Computer Networks: Types of computer networks

The following is a sample chapter from the e-Book Computer Networks: An Introduction.  Enjoy reading!

Computer science is no more about computers than astronomy is about telescopes.” Edsger Dijkstra

It all started as a need to share resources! What existed as a concept and as an attempt to design the first computer network back in the 50’s, it was achieved in the ’60s by connecting some of the universities of that time. Over time, the desire to implement the first computer network as a result of curiosity had already been converted to a need that would fulfill the requirements. Precisely, it also led to the development and advancement of computer networking technologies. Thus, the need to connect and interconnect more computers into computer networks and with it more locations in itself resulted as the need to define topologies, architectures, technologies and computer networking categories. In that way, computer networks like personal area network (PAN), local area network (LAN), the metropolitan area network (MAN), and wide area network (WAN) were born.

Personal Area Network (PAN)

Back in time, in our society it wasn’t easy to own a home computer and that was mainly associated with material welfare since personal computers have been quite costly. In contrast, nowadays with the decrease of total cost of ownership of owning a computer have enabled many families to own a home computer. That said, as a result of a dynamic life and the need to communicate, besides home computer, households have printers, laptops, tablets, smartphones, and the Internet connection. Add to this the devices such as VoIP phone, smart TV, cable and satellite set-top box, surveillance cameras and other household devices with an interface to get connected into home computer network. Then all these connected devices in a computer network together with the media gateway, where usually are stored data files like audio and video, make up the personal area network (PAN). That said, PAN is defined as a computer network which is used to connect and transmit data among devices located in a personal area like home environment. Occasionally, from time to time, this computer network is often called home are network (HAN).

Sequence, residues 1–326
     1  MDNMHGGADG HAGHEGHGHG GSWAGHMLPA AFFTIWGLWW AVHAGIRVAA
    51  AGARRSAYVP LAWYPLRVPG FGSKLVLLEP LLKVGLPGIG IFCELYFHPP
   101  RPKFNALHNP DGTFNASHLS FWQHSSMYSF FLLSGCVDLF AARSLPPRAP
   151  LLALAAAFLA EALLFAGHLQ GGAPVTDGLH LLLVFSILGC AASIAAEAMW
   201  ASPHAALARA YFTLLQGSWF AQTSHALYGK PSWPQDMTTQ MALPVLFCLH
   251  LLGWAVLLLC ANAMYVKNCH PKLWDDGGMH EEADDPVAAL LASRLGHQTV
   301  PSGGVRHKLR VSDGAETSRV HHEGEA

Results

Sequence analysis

Figure 1. The personal area network (PAN)

Local Area Network (LAN)

Now that we know what a personal area network (PAN) is, it will help us to understand in a more clearly and the easiest way the local area network (LAN). In fact, looking from the physical and logical topology perspectives these computer networks hardly differ at all. So, the same is true for the communication technology (i.e. Ethernet or 802.3) that is utilized by both types of networks. Now this brings up the following question: if these networks are almost identical then why we have two definitions? As I mentioned at the beginning, for the sake of understanding the definition about local area network (LAN), the comparison with personal area network (PAN) will take place. When comparing the participating devices in these two computer networks, we find that the personal area network (PAN) is dominated by portable devices (i.e. mobile), while the local area network (LAN) mainly consists of fixed devices. Both computer networks are covering local area, however LAN has a greater coverage than PAN because LAN’s usually cover the floor of the building, several floors of the building, an entire building, or even few buildings which are close to one-another. Another difference is that PAN’s are mainly organized around an individual, while LAN’s are organized around the organization, business or legal entity. This then precisely defines the local area network (LAN) as the computer network where employees share network resources with one-another. In summary, the local area network (LAN) is a computer network that connects two or more computers in a local area for the purpose of sharing resources. Figure 2 shows an example of the local area network (LAN):